What Makes the 100 Days of Summer Deadly for Teen Drivers?June 9, 2020
Summer does not officially start until June 21st, but the Memorial Day weekend is generally considered the unofficial start of the summer season. As beaches, lakes, parks, and other outdoor destinations are starting to reopen to the public, teen drivers are particularly excited to get out of the house and hit the road. Ideally, the COVID-19–related restrictions will continue to lessen, and life will eventually return to normal. However, the period from Memorial Day to Labor Day, also known as the 100 Deadliest Days, is known for an increase in serious car accidents, particularly those involving teen drivers. Parents are urged to discuss the common causes of teen-related car accidents, review important safety practices, and encourage their teen drivers to make safe choices when they get behind the wheel.
Why is There an Increase in Car Accidents During the Summer?
Most people associate summer with family vacations, outdoor cookouts, and trips to the beach. Although this is true, there is an unfortunate downside to the summer season of which all motorists should be aware, particularly teen drivers and their parents. The number of car accidents involving teen drivers often peaks during the summer. In fact, according to research from the AAA Foundation for Traffic Safety, the average number of fatal car accidents involving teen drivers increases by 15 percent during the summer, compared to the rest of the year. The following are common reasons why more car accidents involving teen drivers occur during the summer months:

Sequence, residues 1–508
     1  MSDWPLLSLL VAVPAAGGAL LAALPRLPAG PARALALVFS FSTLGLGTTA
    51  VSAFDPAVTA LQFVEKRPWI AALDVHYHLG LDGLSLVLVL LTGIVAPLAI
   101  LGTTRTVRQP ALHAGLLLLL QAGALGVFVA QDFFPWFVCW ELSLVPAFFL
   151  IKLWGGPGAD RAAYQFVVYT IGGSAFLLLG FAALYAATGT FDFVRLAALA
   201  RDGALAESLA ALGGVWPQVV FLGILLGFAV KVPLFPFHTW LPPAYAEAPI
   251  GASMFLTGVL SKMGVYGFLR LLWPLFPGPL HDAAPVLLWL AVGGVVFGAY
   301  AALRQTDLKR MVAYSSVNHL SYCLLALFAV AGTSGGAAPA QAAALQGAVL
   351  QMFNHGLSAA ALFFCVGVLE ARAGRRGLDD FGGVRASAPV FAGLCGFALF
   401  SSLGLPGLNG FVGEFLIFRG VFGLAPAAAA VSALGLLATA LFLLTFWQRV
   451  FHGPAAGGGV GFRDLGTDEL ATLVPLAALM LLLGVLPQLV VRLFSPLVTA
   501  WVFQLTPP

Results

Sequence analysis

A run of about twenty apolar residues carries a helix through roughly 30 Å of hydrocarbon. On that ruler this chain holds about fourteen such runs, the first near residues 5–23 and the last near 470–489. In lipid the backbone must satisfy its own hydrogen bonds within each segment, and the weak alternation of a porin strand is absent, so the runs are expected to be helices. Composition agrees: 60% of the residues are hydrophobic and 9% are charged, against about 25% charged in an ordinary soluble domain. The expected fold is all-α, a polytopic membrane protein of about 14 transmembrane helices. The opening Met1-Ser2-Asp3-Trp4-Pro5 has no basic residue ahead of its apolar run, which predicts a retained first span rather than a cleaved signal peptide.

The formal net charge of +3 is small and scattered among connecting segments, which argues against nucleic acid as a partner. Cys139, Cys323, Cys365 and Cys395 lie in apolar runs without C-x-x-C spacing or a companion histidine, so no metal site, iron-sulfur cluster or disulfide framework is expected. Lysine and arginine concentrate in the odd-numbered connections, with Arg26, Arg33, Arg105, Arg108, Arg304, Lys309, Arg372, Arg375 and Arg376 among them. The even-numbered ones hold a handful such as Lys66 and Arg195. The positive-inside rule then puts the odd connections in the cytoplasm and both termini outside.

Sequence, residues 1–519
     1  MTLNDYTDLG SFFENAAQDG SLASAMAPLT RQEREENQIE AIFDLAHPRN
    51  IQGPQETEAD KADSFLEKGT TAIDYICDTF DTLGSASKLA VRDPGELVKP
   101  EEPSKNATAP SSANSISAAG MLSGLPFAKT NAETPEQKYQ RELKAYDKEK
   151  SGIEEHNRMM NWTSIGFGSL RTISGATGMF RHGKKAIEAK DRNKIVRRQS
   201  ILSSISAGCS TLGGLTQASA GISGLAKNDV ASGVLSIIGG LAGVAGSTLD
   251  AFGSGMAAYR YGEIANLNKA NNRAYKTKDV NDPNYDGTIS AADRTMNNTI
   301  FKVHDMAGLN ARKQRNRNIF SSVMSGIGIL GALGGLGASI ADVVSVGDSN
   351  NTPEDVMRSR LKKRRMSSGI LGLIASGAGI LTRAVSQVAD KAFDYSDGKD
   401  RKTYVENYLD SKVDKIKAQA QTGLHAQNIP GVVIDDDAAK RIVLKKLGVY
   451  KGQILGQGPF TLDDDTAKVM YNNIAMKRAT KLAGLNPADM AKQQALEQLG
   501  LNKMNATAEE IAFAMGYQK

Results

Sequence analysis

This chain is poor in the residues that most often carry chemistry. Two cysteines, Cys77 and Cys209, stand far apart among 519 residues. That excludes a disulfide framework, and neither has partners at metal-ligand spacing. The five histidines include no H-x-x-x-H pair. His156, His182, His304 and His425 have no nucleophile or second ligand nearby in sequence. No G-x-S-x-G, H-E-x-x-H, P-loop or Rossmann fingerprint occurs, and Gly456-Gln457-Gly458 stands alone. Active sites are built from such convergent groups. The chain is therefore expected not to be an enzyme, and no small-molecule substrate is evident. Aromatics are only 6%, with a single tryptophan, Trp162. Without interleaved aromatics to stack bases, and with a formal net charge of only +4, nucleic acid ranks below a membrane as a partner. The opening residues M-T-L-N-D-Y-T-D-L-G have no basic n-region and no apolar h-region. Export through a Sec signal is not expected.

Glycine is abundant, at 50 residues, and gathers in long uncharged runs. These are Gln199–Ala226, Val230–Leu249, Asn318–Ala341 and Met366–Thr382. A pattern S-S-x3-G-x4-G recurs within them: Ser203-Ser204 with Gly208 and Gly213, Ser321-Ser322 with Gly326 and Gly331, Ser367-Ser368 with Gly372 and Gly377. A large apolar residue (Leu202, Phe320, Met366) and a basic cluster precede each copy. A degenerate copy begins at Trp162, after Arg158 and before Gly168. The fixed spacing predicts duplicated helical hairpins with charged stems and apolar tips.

- School is over for the summer. Depending where you live, summer break starts somewhere between late May and early June and resumes in early September. With school out for the summer, there are more inexperienced teen drivers on the roads. This summer is unique as a result of the number of activities that have been cancelled and summer jobs that are not available because of the pandemic. Teens who have free time on their hands and are anxious about returning to some semblance of normalcy are at risk of being involved in a serious accident if they fail to make safety a priority.
- More people taking road trips. Assuming families will still be able to go on the vacations they planned prior to the pandemic, there will be significantly more cars on the roads and highways across the country over the next few months. Statistically speaking, accidents are more likely to occur when there are more drivers on the road, which increases the risk of car accidents that involve teen drivers.
- Inclement weather conditions. Summer is known primarily for warm, sunny days and clear blue skies. However, when a summer storm starts brewing, it can be quite severe. This can make driving conditions treacherous, particularly for inexperienced teen drivers. Although it is important for teen drivers to understand the risks of driving during these conditions, they must also understand that even light rain, or a quick sun shower, can increase the risk of a car accident if it causes the roads to become slick.